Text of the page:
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  Tuesday, 17 September, 2002, 02:19 GMT 03:19 UK
Irvine keeps future under wraps
Jaguar boss Nikki Lauda (left) and Eddie Irvine
Lauda (left) and Irvine face an uncertain future

It was as if Eddie Irvine had never left Ferrari.

The cheers cascaded down from the Monza grandstands as he completed a lap of honour after his best result for almost 15 months.

"I love Italy and Italy loves me," he said, relishing his appearance in front of an ecstatic crowd.

"Getting on the podium with Jaguar was better than any win."

A four-time winner for Ferrari, Irvine had only finished four races in 2002 leading up to the Italian Grand Prix.

And the idea of staying at Jaguar, with his contract up this year, looked as likely as an Alex Yoong victory speech.

Eddie Irvine lets loose the champagne
Irvine celebrates his podium finish at Monza

The obvious move was a reunion with Jordan - and a deal appeared close in Belgium.

Now, on the back of a podium in Italy, Irvine may not be so keen to slam the door on Jaguar.

Not that Irvine himself was giving away any clues.

"I know what I'm doing next year. I'm very confident but it's in my head," he declared mischievously.

But doesn't this result have a bearing?

"No."

Sixth place in Belgium and now third place in Italy, surely that is a sign of sustained progress?

"That wasn't difficult. We started with a bathtub in the first race and the only thing the same is the chassis. We've a new engine, new aero, new suspension."


This season, a Jaguar driver talking up his chances of points in 2002 has been as rare as Arrows racing in August
Jonathan Legard

But what about the lessons and hopes for the design of the new car, the R4?

"There's a different bunch of guys doing the work for next year. We shouldn't come out with a worse car than this year."

And what about more points in the remaining races in America and Japan this season?

"The car still isn't right but we are at a stage when we can get one or two more."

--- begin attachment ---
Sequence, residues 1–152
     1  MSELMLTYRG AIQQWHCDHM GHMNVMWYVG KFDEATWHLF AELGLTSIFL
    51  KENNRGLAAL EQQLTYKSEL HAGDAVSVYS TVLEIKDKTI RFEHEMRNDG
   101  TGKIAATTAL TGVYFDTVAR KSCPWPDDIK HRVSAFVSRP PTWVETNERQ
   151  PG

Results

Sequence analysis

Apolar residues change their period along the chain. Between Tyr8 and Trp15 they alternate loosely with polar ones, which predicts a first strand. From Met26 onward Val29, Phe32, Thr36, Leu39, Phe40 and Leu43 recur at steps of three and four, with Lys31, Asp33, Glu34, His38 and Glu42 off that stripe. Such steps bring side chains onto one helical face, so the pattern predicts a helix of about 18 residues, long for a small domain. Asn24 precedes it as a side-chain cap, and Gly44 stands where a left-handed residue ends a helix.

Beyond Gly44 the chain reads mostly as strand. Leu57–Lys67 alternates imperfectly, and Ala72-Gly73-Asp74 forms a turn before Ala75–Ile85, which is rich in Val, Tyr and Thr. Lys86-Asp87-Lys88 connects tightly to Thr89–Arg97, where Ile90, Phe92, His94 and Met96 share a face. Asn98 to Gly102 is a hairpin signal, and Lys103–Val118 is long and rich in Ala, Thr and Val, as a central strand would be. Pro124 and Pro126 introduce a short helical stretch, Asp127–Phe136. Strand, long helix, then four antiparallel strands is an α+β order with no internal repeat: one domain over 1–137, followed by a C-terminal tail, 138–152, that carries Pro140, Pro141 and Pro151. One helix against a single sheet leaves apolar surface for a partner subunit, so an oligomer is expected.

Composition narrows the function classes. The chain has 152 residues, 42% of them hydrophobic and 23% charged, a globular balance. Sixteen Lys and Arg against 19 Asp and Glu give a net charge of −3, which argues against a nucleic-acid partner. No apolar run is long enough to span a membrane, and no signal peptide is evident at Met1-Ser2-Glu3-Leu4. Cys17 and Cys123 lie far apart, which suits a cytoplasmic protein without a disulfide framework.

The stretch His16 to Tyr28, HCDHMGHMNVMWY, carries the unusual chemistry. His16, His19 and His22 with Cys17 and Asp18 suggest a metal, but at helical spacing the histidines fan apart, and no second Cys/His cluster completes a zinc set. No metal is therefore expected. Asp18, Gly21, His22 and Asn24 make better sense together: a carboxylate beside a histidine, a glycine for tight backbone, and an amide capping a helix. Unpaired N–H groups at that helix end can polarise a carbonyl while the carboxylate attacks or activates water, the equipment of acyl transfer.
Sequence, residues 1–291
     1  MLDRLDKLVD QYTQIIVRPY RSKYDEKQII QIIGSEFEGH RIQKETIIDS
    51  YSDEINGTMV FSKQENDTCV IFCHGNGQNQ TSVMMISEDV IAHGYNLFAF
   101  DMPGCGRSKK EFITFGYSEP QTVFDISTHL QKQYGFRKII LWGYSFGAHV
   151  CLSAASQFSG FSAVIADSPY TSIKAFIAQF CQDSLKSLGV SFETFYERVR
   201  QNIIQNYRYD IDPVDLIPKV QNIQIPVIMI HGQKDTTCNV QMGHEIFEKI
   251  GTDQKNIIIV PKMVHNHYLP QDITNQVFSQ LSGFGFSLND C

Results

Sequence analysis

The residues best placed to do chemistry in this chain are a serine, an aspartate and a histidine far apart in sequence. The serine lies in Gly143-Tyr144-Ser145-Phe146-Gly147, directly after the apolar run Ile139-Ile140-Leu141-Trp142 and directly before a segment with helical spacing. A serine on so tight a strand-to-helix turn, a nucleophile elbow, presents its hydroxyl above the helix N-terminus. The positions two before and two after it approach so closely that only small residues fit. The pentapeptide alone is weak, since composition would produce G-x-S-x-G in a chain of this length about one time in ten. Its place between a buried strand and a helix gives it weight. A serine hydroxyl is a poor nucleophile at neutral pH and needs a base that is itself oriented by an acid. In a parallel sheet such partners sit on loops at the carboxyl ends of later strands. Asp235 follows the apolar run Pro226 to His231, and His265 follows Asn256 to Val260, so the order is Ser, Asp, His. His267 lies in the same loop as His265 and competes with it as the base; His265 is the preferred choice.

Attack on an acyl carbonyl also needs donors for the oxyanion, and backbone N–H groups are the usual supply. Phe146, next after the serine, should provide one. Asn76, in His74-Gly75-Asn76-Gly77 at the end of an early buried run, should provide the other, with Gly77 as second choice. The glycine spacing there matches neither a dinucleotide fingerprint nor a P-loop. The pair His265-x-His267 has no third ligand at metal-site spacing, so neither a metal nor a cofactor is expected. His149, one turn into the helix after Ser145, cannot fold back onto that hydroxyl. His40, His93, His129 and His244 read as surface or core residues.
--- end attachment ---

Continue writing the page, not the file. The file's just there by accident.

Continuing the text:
So casual was that statement you almost missed the significance.

This season, a Jaguar driver talking up his chances of points in 2002 has been as rare as Arrows racing in August.

But after months of upheaval, the green shoots of recovery look to be showing through at last.

Which leaves Irvine balancing Ford, faith and finance.

If Ford guarantee the Jaguar F1 programme this week, Irvine would have manufacturer backing, secure funding and the latest Cosworth engine, one of the strongest on the grid.

Eddie Irvine
Irvine may have to contemplate a pay cut

For 2003, Jordan will only have a development of this year's Cosworth power plant, currently used by Jaguar.

That could test Irvine's faith in Niki Lauda, defy the whisperers within Ford and F1, and have the key technicians in place to deliver a competitive car for 2003.

Faith, too, in his own powers to carry through the job that Irvine has always insisted was his final F1 mission - to help Jaguar move to the front of the grid.

But until last weekend's euphoria, Jaguar had earned a measly 17 points from a total of 48 races.

Over the same period of two and a half years, Jordan have taken 42 points.

Finance is what Irvine says he is least concerned about. But that is not how Jordan see things.

As yet, they have no firm sponsorship deals for 2003.

Hence Irvine's need to take a massive pay cut to stay in Formula One.


Irvine is not only the oldest driver on the block, he is also the smartest
Jonathan Legard

His initial demand for a retainer of $6m has been hugely scaled down.

So much so that Jaguar, seemingly set on pairing Mark Webber with Pedro De La Rosa, are now as interested as Jordan in discussing terms in the region of $2m.

Takuma Sato who has a contract for 2003, or Allan McNish, would be cheaper for Jordan, who fancy focusing on Giancarlo Fisichella for maximum effect.

But Irvine is not only the oldest driver on the block, he is also the smartest.

He does not want to stop. And third place on Sunday could be the kickstart to part two of his career at Jaguar Racing.

At last the team could be living up to its name.

In-depth guide to the 2002 Formula One season

Race statistics

On-track action

News from Monza

Analysis

Jonathan Legard

F1 2002
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